Google wants students to go beyond an Hour of Code. The company has announced the Google Code-in competition, a seven-week competition where students work on real software projects and get help from mentors. Students can browse from hundreds of tasks from 14 open-source organizations ranging from healthcare, desktop and portable computing, to game development, and can choose the one they find most interesting. Projects can include documentation, coding, training, research, quality assurance, user-interface, and outreach tasks.
Each task will have at least one mentor who will help students and review their work. In addition, students will have access to beginner tasks that can help them understand where to get started.
Google releases over-the-air updates
Google has announced its latest Android over-the-air update as part of the company’s monthly security release process. The latest update aims to address vulnerabilities in Nexus devices.
The most severe issue in this update includes a critical vulnerability that could allow enable more code execution through e-mail, Web browsing and MMS when users process media files. There have been no reports that these vulnerabilities have been exploited, and partners have already been notified and provided updates on these issues.
A full list of vulnerabilities is available here.
IBM Swift Sandbox lets coders try Swift easily
With Apple’s programming language Swift becoming open source earlier this month, IBM’s Swift developers decided to make IBM Swift Sandbox available to developers on developerWorks, which is IBM’s official developer program.
IBM Swift Sandbox is an interactive website that lets developers write in Swift code and execute it in a server environment, or on top of Linux. Each sandbox runs on IBM Cloud in a Docker container. The latest versions of both Swift and its library are available.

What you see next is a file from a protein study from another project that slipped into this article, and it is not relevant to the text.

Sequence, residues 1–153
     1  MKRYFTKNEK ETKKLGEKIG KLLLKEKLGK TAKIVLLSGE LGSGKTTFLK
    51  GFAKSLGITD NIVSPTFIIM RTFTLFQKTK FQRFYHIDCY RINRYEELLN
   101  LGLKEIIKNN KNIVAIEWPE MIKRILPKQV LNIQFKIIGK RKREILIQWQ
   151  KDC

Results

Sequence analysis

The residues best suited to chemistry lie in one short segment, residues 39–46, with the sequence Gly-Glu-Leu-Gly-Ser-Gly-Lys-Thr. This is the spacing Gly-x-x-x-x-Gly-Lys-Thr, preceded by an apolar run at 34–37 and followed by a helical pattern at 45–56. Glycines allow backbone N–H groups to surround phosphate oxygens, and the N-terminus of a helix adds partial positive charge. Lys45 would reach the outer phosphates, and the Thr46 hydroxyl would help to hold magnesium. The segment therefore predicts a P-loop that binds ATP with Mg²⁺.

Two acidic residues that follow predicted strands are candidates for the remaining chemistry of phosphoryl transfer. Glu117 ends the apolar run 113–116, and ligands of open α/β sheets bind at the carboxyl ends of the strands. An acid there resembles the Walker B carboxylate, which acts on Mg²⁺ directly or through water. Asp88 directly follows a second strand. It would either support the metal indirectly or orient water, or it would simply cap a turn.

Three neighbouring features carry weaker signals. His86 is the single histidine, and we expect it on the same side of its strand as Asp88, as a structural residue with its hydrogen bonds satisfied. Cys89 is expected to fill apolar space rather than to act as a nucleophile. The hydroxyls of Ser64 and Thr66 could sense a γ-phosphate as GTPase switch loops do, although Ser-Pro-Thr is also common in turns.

IBM engineer Patrick Bohrer wrote in a blog post that there are some things on the horizon for IBM Swift Sandbox, including scaling up to handle Swift-level “excitement,” and sharing snapshots and code to assist the Swift.org development community.
EFF wants to stop ‘cyber’ bills
The Electronic Frontier Foundation (EFF) wants to stop cybersecurity bills from getting passed. The organization has set up the Stop the “Cyber” Bills campaign to get more individuals on board. Currently, the organization is turning its efforts to the Cybersecurity Information Sharing Act (CISA), which it said would allow companies to spy on users and share their information with the NSA.
“The bills ignore reality: Experts can already share technical information to stop threats without sharing unrelated personal information. And some experts even say the bills may not help computer security,” the organization wrote on its website.
The EFF is asking individuals to ask representative Michael McCaul, chairman of the House Committee on Homeland Security, to fight for users privacy protections. According to the organization, congressional leadership and members of the Intelligence Committee are trying to pressure McCaul into removing privacy protections from the CISA’s final text.